Mass Effect is truly a forerunner in the field of epic storylines with so many characters, locations, cultures and ideals that it would make your head spin faster than that time EDI and Joker got drunk together and thought the Normandy was a bowling ball. Its ability to make you feel like a dick for making certain choices is extremely admirable, where it’s an experience to behold how haunting these can become. Dammit Mordin.
2. The Walking Dead
Telltale’s magnum opus certainly took us all by surprise. A while ago I had 400 MSP lying around with nothing to spend it on, where I then saw the first episode of this game going for that price. I thought “screw it” and bought the thing. I played it and thought: “Hmm this could be interesting.” I guess you might say I’m a hipster when it comes to this certain game because I played it far before it was cool. With the following episodes, we all got the shock of our gaming lives. The game’s strong and emotional storytelling has driven grown ass men to tears. So how can this brilliantly designed game make you feel like a bastard?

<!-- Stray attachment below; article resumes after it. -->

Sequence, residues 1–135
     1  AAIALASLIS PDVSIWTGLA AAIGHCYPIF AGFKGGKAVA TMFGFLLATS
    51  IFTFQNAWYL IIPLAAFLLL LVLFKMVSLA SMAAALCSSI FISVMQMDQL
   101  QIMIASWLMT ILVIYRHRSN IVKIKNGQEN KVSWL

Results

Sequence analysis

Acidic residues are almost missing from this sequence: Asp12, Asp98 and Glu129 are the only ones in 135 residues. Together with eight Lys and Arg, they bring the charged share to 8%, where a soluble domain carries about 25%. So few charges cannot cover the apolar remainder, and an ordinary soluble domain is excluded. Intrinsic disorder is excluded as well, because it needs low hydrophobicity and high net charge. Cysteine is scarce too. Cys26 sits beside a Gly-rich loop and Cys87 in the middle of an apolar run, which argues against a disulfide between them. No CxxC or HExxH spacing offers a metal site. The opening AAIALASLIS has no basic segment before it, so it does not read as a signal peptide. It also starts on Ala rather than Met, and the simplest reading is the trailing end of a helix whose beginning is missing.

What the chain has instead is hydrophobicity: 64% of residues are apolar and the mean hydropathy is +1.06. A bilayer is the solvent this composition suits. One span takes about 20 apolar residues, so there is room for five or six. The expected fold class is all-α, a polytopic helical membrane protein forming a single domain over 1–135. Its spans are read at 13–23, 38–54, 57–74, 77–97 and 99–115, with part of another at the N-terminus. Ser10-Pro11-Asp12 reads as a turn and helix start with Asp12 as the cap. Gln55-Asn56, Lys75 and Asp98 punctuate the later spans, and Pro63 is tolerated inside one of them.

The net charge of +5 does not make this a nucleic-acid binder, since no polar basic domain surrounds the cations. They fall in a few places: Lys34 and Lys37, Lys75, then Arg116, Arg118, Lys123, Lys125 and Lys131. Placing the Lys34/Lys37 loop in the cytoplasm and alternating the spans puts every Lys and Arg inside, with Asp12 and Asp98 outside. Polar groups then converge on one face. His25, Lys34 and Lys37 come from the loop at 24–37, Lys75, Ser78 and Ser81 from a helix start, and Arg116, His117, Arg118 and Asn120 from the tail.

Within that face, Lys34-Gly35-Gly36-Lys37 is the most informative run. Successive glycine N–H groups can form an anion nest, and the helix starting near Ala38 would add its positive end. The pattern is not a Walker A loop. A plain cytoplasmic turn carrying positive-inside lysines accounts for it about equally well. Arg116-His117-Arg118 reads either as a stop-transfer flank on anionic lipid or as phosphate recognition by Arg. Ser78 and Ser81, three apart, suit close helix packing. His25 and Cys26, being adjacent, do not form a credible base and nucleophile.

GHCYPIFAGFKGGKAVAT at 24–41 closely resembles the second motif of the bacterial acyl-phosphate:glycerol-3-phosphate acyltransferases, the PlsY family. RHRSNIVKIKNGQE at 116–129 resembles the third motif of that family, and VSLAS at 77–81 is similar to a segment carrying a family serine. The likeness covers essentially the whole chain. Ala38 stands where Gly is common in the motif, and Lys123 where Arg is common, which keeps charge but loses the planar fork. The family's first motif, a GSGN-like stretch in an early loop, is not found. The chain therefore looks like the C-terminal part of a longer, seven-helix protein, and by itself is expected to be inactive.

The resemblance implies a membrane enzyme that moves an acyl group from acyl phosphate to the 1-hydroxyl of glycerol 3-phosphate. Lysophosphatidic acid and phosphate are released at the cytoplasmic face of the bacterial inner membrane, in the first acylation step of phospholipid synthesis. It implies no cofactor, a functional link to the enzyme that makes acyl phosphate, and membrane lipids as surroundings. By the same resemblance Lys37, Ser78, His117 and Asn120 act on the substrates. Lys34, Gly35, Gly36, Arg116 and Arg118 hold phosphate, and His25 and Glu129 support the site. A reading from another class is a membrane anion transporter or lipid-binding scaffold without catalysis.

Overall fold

Quite simply, actually: it gives you impossible choices. Not impossible in the way where it’s physically impossible to make a choice, but rather choices where regardless of what you chose, there is no positive outcome. A good amount of these choices come back to haunt you later in the game when characters question you and some outright resent you. You are then left to willow in remorse and regret. There’s always that question in the back of your mind: “Did I really make the right choice?” And that’s why it’s so powerful in its ability to make you feel like a douchebag.